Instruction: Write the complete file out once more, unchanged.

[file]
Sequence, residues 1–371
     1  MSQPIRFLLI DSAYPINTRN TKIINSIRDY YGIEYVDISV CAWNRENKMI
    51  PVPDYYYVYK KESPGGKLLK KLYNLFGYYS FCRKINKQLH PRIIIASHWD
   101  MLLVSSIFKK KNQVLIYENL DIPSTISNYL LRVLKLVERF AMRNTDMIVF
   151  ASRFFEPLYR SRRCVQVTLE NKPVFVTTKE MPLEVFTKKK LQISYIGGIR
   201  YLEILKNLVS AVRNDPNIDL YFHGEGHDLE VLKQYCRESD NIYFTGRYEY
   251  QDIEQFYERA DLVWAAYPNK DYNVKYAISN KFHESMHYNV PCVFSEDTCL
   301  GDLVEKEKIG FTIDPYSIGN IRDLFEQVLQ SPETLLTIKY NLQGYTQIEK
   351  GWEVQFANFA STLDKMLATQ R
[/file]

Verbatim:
Sequence, residues 1–371
     1  MSQPIRFLLI DSAYPINTRN TKIINSIRDY YGIEYVDISV CAWNRENKMI
    51  PVPDYYYVYK KESPGGKLLK KLYNLFGYYS FCRKINKQLH PRIIIASHWD
   101  MLLVSSIFKK KNQVLIYENL DIPSTISNYL LRVLKLVERF AMRNTDMIVF
   151  ASRFFEPLYR SRRCVQVTLE NKPVFVTTKE MPLEVFTKKK LQISYIGGIR
   201  YLEILKNLVS AVRNDPNIDL YFHGEGHDLE VLKQYCRESD NIYFTGRYEY
   251  QDIEQFYERA DLVWAAYPNK DYNVKYAISN KFHESMHYNV PCVFSEDTCL
   301  GDLVEKEKIG FTIDPYSIGN IRDLFEQVLQ SPETLLTIKY NLQGYTQIEK
   351  GWEVQFANFA STLDKMLATQ R